Child (2) and mother recovering after tapir attack at Dublin Zoo
All supervised animal encounters to cease at zoo as investigation takes place
The little girl was attacked by a Brazilian Tapir during one of the zoo’s ’regular supervised animal visits’. File photograph: Andrew Milligan/PA Wire.
Bygone days: A Brazilian tapir parades in Dublin Zoo in 1989 for Liam Hyland, of Carmelite College, Moate, Co Meath, and Andrew Bowell and Brian Edge, of Wesley College, Dundrum, Co Dublin. The boys were preparing for the Fuji Young Photographer of the Year competition. Photograph: Jack McManus/The Irish Times
A two-year-old child is recovering in hospital after being attacked by an animal within one of the enclosures at Dublin Zoo.
The little girl was attacked by a Brazilian tapir during one of the zoo’s “regular supervised animal visits”.
The child’s mother was also injured as she went to the aid of her child. The Dublin Zoo first aid team went to the scene immediately and attended to both the child and her mother. The child was taken to Temple Street Children’s Hospital while her mother was brought to the Mater hospital.
They are both recovering, according to a statement from the zoo, which has described the incident as “an unfortunate accident”.
The zoo has ceased all supervised animal encounters for the time being.
“Management at the zoo has launched an investigation into this regrettable occurrence and is reviewing all of its procedures with respect to supervised animal visits,” a spokeswoman for the zoo said.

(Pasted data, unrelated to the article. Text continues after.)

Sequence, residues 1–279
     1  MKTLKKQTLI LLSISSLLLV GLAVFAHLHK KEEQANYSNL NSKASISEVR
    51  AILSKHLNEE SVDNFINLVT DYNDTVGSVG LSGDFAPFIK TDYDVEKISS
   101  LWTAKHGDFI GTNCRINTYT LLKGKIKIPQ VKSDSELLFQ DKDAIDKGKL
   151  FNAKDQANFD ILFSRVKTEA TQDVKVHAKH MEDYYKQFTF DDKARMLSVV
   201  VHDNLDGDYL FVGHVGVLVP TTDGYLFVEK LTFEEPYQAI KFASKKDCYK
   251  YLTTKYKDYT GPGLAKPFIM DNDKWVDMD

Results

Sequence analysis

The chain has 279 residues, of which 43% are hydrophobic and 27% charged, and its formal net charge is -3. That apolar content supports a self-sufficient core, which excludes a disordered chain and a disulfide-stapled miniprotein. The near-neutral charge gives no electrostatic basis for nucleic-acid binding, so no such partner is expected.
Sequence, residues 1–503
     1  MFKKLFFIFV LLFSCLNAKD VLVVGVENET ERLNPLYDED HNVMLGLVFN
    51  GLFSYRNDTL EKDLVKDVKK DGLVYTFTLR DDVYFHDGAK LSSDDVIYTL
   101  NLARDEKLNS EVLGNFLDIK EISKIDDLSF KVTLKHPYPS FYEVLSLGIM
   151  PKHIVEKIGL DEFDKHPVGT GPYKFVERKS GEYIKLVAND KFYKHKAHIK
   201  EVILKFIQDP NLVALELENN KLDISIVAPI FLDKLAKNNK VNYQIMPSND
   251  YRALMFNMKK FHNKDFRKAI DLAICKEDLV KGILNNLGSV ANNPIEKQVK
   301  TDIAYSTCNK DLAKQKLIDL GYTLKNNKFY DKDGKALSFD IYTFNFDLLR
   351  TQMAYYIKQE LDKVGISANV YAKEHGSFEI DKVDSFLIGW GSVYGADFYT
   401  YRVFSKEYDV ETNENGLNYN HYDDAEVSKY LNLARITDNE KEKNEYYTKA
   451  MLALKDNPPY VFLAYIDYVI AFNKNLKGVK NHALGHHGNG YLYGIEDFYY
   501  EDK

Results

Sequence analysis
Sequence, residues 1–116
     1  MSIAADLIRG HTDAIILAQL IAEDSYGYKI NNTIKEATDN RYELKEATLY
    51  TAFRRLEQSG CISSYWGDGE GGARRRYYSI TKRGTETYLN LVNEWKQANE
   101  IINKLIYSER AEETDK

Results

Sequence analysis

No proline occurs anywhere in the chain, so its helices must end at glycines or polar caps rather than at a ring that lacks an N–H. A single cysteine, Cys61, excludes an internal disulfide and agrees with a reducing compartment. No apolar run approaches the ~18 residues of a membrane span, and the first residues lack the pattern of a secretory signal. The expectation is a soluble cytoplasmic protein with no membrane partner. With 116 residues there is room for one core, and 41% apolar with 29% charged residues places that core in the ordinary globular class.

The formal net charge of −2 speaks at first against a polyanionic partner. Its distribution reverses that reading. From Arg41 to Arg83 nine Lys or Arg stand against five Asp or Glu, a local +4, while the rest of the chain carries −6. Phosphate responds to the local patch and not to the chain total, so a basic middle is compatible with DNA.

“Dublin Zoo would like to underline this was very much an isolated incident. We would also like to emphasise that our immediate concern is the health and wellbeing of the visitors involved in this accident.
“The staff of Dublin Zoo is deeply upset by this incident and we reiterate strongly that their upmost concern lies with the visitors and their speedy recovery.”
The tapir is a relative of the horse and rhinoceros, and the Brazilian tapir is one of four species of tapir in the world. It can weigh up to 250kg, measure two metres in length and has a long, flexible snout that helps collect leaves, shoots, fruit and small branches to eat - making them important seed dispersers.
Tapirs have sharp teeth and while they are said to be docile while in captivity, they are territorial and can become quite aggressive if they perceive a threat. Experts have said their aggressiveness may be linked to their poor vision.
Speaking on RTÉ radio this morning, vet Pete Wedderburn said tapirs are usually very gentle animals, but not when they are with their young.
“When a mother has hormones coursing through her veins, she’s becomes very different. Their personality can become completely unlike what they were before,” he said.